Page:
Meat cultured through the manipulation and proliferation of stem-cell colonies may sound like something taken straight from the pages of a 1950s sci-fi magazine, yet the technology for ‘clean meat’ has already arrived. After all, the technology for generating artificial muscles has been around for over 20 years, and ‘clean meat’, as this animal-less meat is more commonly known as, is merely an extension of this.
The process behind meat culturing is not as complicated as one might think. A type of muscle cell known as a myocyte is obtained from an animal and it is then grown on a cell-based scaffolding inside a nutrient-rich medium. This is placed inside a vessel known as a bioreactor where various chemical and enzymatic processes enable the tissue to thrive. Eventually, the tissue forms multiple layers and resembles what would be described as meat, but instead of being obtained from the slaughter of an animal, it has been grown in a technologically-advanced laboratory environment.
“Meat cultured through the manipulation and proliferation of stem-cell colonies may sound like something taken straight from the pages of a 1950s sci-fi magazine”
For some, this technology marks the beginning of a new and more sustainable food supply-chain, while for others it spells the beginning of the end for traditional farming practices. The moral, ethical and environmental ramifications of ‘clean meat’ are still under debate and little is known about what the legislative guidelines would be if the practice of growing your own rib-eye became mainstream.
What is known about ‘clean meat’, however, is that it could significantly change the way in which we treat and utilise animals. The modern practices of battery and factory farming could become things of the past, an eventuality welcomed by vegetarians and vegans alike who have continually campaigned to end animal cruelty in farming practices.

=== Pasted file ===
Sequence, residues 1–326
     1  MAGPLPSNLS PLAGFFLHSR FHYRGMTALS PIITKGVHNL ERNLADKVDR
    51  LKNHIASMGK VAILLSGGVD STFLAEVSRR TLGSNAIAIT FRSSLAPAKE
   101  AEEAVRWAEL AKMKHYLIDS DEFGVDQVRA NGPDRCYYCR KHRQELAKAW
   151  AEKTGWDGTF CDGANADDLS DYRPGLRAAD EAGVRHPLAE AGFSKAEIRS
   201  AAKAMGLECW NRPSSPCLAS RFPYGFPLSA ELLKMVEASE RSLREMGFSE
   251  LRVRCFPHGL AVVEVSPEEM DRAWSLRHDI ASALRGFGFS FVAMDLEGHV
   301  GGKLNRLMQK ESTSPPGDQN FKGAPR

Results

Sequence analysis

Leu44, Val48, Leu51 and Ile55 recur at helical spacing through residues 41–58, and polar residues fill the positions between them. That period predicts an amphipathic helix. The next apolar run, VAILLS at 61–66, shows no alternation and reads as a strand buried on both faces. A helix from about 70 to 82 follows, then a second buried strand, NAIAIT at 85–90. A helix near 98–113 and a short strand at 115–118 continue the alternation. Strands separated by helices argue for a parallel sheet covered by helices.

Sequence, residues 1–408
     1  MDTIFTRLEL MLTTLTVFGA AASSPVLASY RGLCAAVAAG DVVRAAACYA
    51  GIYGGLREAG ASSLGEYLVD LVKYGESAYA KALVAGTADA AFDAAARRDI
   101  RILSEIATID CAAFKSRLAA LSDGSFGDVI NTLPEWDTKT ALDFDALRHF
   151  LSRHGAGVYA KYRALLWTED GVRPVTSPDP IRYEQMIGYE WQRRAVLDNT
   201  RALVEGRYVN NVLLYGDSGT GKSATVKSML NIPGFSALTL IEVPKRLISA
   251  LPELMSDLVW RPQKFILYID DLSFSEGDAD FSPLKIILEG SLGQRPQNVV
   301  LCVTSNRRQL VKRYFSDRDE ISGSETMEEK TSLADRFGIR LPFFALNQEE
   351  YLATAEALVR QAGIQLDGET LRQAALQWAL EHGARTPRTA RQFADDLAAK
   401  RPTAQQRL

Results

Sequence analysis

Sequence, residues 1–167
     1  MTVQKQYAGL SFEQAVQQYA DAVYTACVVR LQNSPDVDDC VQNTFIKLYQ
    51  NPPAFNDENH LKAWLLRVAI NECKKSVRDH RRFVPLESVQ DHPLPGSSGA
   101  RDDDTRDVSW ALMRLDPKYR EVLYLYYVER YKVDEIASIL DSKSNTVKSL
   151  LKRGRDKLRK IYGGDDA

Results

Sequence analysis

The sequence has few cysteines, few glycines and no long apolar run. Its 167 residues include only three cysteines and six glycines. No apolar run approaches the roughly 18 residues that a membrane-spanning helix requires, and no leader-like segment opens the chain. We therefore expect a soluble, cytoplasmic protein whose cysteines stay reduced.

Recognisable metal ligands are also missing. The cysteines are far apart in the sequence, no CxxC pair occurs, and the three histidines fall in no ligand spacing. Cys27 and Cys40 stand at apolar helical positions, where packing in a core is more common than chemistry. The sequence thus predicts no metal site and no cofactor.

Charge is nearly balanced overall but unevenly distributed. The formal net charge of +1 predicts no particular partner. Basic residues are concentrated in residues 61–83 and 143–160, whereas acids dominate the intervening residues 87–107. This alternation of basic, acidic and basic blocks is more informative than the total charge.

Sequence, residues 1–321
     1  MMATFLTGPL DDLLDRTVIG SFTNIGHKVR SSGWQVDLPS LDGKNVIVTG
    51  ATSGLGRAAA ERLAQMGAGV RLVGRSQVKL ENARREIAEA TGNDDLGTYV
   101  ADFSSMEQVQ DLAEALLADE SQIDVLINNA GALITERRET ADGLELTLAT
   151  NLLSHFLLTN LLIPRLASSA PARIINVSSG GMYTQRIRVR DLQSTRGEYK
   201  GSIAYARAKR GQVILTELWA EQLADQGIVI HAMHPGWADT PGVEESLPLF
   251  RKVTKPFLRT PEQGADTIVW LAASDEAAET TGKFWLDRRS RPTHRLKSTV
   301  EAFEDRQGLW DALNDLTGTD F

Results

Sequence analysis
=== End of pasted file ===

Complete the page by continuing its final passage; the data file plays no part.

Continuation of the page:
Modern farming practices have been under the microscope for at least the last 20 years. Exposé documentaries like Food, Inc. and Farm to Fridge have contributed significantly to the increase in vegetarianism and veganism by revealing amoral and inhumane farming methods, primarily in the United States. The production of artificial meat could potentially put a stop to these practices, while helping to curtail the environmental impact of modern farming.
“For some, this technology marks the beginning of a new and more sustainable food supply-chain”
According to the FAO (Food and Agriculture Organization of the United Nations), livestock contributed 9%, 39% and 65% of the total emissions of carbon dioxide, methane and nitrous oxide, respectively, in the year 2006. A separate study by the John Wiley library, conducted four years later, found that 23% of total annual global warming was “directly attributable to livestock”. The greenhouse gas emissions of livestock are only set to intensify as global meat consumption is expected to double in the next thirty years, according to the FAO.
There is a consensus that the artificial generation of meat will significantly curtail the current contribution of livestock to global warming. What has yet to be discussed, however, are the ethical issues concerning cultured meat and the livelihoods of cattle farmers around the world. Will a degree in microbiology eventually enable a person to become a bona-fide cattle farmer in a laboratory, all the while making farmers effectively redundant?
The answer to that question is not yet clear. The science of cultured meat is still in its infancy, with only a handful of dishes ever created by scientists. Additionally, the process of growing these meats is expensive. To buy a meal consisting of cultured meat today would cost more than three-hundred euro per pound, a hefty investment for a few-dozen bites. While Jerusalem-based, Future Meat Technologies state that artificial meat will be affordable by 2020, in all likelihood, it will be decades until it is readily available in your local supermarket.
When the technology does eventually become affordable, it will pose a dilemma for vegetarians and vegans who abstain entirely from the consumption of any type of animal meat. While some commentators have stated that “even vegetarians” could eat the lab-grown meat, they have neglected to mention that the cell-lineage must start somewhere and so the initial muscle cells must still be obtained from a living animal. Granted, this does not involve the slaughtering of said animal, but in a way, you are still eating the animal, just without the cells having grown inside the animal itself.
This fact will probably be sufficient for those vegetarians who are only opposed to the slaughter of animals. Those who are vegetarians on religious grounds might still abstain from lab-grown meat, as it is still a meat-related product and it does originally come from animals. Whether you agree or disagree with ‘clean meat’, be assured that it is on its way.